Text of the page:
"And Joseph gathered up all the money that was found in the land of Egypt and in the land of Canaan, for the grain which they bought, and Joseph brought the money into Pharao´s house." (Gen. 47:14)
Since large quantities of goods and gold accumulated as payment for all the grain, this was another reason for having high walls as protection.

The Egypt inscription says: "Imhotep was a priest in the town of Heliopolis." Heliopolis is the biblical On, which lies on the outskirts of modern Cairo. The Bible says: "And Pharaoh gave him as a wife Asenath, the daughter of Poti-Pherah priest of On." (Gen. 41:45) It is not unlikely that Joseph became a priest in On after the death of his father in law. It is perhaps even probable since Joseph held the highest position in the country, and was considered by Pharaoh to be a man of god who had great wisdom.

Imhotep is the earliest doctor writen about in historical documents. Imhotep is on a par with the Greek god of medical skills, Asclepius. The biblical text has an interesting note: "And Joseph commanded his servats, the physicians, to embalm his father: and the physicians embalmed Israel." (Gen. 50:2). In other words, Joseph had two qualities which link him to the art of healing: firstly, that he had doctors in his service, and secondly, that through his dreams God could perform strange miracles and signs.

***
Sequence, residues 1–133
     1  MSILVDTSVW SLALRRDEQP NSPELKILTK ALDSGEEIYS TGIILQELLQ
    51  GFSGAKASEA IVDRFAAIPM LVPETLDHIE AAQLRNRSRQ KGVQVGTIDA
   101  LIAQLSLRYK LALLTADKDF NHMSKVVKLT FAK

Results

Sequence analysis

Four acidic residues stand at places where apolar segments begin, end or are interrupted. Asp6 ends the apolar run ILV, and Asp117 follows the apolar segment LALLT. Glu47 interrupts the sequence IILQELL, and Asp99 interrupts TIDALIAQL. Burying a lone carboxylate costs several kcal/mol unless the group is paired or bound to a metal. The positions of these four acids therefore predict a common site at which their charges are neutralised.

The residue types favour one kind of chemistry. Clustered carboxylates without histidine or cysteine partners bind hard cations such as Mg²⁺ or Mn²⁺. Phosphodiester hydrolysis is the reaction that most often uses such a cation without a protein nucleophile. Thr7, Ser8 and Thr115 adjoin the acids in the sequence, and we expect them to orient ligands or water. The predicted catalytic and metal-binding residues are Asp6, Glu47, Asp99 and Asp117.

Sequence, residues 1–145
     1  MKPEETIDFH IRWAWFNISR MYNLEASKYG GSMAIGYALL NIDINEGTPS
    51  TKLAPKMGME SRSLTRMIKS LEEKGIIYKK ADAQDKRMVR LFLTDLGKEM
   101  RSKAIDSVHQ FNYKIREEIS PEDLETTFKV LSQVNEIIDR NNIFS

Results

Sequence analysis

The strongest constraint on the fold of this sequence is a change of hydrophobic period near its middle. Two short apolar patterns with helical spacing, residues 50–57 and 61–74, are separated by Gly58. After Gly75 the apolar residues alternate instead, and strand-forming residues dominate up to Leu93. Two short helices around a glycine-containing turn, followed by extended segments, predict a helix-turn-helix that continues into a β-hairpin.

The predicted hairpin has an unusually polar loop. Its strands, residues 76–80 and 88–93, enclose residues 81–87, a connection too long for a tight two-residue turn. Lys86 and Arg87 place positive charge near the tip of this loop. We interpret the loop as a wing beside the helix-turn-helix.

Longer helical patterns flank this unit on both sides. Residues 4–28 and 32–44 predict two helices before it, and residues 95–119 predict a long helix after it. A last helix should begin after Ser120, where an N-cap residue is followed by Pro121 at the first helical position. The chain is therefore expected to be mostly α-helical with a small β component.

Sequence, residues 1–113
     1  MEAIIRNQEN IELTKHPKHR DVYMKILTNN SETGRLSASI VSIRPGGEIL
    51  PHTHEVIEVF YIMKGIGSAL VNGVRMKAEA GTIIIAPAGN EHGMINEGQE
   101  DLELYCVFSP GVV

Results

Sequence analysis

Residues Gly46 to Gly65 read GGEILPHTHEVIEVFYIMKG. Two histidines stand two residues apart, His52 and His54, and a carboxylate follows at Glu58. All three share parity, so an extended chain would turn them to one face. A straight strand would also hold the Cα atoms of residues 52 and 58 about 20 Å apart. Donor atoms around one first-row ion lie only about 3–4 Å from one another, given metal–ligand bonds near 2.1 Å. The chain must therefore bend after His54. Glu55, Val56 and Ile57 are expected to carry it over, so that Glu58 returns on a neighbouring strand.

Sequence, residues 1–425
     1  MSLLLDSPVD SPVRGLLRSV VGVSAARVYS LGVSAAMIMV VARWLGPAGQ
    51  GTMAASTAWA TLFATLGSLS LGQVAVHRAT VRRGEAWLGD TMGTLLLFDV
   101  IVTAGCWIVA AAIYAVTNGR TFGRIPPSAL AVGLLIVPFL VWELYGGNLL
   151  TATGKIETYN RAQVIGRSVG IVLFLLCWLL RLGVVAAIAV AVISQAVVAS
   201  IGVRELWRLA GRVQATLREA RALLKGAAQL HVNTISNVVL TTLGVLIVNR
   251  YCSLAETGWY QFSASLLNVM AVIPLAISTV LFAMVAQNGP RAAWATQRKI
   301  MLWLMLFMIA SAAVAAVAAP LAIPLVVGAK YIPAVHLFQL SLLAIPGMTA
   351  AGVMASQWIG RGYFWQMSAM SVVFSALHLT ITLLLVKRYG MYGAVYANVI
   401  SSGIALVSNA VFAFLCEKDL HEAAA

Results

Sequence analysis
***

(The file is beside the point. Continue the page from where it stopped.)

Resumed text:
Imhotep is known as the one who had many words of wisdom. There are five known counsellors of Pharaoh with the title of Ptah-hotep. Papyrus scrolls have been discovered, which are copies of "Ptah-hotep´s instructions". At the end of the manuscript the author says that he is "... near death after a life of 110 years". (The Ancient Near East (1958) vol 1., p. 234- , Princeton University Press) The Bible also recounts that Joseph knew he was dying, and that he died at the age of 110: "And Joseph said unto his brethren, I die: and God will surely visit you... and Joseph lived an hundreth and ten years." (Gen. 50:24,22)